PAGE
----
By Kenneth Boyd, Lita Epstein, Mark P. Holtzman, Frimette Kass-Shraibman, Maire Loughran, Vijay S. Sampath, John A. Tracy, Tage C. Tracy, Jill Gilbert Welytok

You’ll hear auditors referring to the triangle of fraud. That’s because in most fraudulent acts, three circumstances lead to the commission of fraud: the incentive to commit fraud, the opportunity to carry out the fraudulent act, the ability to rationalize or justify the fraud.

For fraud to occur, all three sides of the triangle must be present.

Management employees may perpetrate fraud differently from non-management employees. However, overlap between the two groups may exist. A manager, for example, may commit fraud based on an incentive listed in the upcoming non-management list.

Incentives to commit fraud that apply to all employees

Incentives exist when an employee has an overriding reason to steal from the company. Sometimes the employee has bills he can’t pay or a money-sucking addiction. Of course, the incentive could merely be greed.

Here are some red flags to consider when looking for fraud among management and non-management employees:

  • The employee’s spouse has lost a job.

  • The employee is divorced and has expensive child or spousal support payments.

  • The employee or his spouse or child is involved in civil or criminal proceedings.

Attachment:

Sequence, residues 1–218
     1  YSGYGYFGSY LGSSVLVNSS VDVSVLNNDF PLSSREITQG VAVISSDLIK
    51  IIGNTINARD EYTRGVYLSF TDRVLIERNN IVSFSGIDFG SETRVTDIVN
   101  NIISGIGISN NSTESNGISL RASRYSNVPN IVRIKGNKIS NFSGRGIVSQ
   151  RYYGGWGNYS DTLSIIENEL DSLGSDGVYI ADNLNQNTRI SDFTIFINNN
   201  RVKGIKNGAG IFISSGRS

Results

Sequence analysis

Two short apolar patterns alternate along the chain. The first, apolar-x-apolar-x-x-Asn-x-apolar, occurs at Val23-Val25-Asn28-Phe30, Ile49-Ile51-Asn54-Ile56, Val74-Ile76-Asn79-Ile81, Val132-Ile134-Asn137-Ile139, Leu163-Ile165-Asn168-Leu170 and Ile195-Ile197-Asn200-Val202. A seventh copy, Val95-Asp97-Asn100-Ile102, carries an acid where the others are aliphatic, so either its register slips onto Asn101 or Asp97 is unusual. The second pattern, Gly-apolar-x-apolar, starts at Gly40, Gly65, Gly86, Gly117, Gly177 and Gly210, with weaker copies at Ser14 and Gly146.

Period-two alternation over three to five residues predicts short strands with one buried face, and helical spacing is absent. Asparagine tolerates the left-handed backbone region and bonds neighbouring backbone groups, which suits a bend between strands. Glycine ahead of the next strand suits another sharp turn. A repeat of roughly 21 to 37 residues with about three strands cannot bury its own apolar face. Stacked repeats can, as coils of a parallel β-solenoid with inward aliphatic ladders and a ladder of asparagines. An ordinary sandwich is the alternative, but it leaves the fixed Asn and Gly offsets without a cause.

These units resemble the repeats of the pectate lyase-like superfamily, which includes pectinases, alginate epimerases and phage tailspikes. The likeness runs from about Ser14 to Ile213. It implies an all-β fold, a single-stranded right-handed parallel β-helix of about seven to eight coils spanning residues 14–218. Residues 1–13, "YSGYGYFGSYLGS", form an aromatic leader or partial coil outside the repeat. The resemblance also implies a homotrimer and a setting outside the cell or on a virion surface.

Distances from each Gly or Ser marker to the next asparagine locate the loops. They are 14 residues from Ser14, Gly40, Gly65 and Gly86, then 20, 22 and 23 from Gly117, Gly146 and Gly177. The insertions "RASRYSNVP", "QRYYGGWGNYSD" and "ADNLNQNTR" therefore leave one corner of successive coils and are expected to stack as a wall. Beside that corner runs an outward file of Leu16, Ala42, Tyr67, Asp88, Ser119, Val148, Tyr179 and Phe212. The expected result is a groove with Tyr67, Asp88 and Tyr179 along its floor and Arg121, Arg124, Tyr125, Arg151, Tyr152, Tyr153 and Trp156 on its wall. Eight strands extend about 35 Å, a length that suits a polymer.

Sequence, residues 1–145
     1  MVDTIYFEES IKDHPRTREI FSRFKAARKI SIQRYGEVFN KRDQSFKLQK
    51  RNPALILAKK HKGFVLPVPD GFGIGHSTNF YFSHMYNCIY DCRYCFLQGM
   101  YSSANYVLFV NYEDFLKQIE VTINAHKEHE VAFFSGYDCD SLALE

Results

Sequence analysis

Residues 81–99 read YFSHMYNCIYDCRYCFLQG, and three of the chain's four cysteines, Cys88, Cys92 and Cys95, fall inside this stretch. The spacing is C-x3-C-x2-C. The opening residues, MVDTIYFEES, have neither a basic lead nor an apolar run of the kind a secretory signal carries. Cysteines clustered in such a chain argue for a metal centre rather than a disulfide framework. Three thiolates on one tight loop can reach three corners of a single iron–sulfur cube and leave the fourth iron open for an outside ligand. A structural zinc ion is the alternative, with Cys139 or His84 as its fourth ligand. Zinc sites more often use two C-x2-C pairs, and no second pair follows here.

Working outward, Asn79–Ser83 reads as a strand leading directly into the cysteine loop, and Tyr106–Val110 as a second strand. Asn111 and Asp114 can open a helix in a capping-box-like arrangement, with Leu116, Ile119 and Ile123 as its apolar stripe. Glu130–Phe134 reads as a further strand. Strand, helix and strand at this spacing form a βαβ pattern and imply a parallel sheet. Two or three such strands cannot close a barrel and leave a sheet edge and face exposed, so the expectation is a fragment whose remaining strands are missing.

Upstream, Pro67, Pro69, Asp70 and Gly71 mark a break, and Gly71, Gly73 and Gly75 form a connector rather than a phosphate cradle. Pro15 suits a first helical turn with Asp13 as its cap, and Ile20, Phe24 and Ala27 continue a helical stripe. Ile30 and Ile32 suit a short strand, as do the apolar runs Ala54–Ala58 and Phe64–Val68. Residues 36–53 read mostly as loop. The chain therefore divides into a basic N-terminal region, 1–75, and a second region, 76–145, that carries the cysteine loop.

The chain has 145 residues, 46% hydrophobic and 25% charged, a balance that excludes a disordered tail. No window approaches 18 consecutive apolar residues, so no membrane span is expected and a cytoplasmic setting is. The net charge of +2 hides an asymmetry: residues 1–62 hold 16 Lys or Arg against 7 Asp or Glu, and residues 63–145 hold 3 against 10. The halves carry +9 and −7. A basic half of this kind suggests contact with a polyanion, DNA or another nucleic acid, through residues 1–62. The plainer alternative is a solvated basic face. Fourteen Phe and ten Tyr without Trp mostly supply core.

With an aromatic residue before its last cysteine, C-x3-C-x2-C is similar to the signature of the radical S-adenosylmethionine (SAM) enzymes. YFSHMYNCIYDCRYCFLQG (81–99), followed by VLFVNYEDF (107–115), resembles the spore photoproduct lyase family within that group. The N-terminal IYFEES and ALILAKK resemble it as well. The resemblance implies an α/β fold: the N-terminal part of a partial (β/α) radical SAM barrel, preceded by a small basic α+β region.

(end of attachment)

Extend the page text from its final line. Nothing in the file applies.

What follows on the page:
• The employee has a drug, alcohol, or gambling problem.

  • The employee purchased a new home with an accelerating variable rate mortgage.

  • The employee never takes a vacation (in an attempt to conceal the fraud).

To identify at-risk employees, consider whose paychecks are being garnished by the court system in order to pay for child support or alimony. Also, look at payroll records to see who has accrued substantial vacation or sick leave. (Reporting the accrual is required by GAAP.)

Management incentives to commit fraud

Managers are often motivated to commit fraud because of the way they’re compensated. For example, a department manager may be angling for a higher raise at year’s end. How well each department performs could be senior management’s method of allocating available bonuses to the managers. A common performance measure is comparing actual department expenses to the budget.

Suppose the department manager artificially forces expenses to stay under budget to get a bigger bonus. For example, she may fail to book reasonable warranty estimates. Booking warranty estimates takes place whenever a company sells a product with a warranty. The company has to recognize the estimated repair expense it may incur to fix the product over the life of the warranty. Low-balling the estimate reduces expenses.

Other methods of deflating expenses include manipulating inventory and purchase expenses. Higher inventory figures reduce the cost of goods sold expense. Waiting to record current purchases until after the end of the year also serves to reduce expenses.

What about fraud among senior management? What would be the incentive? People in senior management often have a relatively low salary with the bulk of their compensation coming from bonuses tied to company results.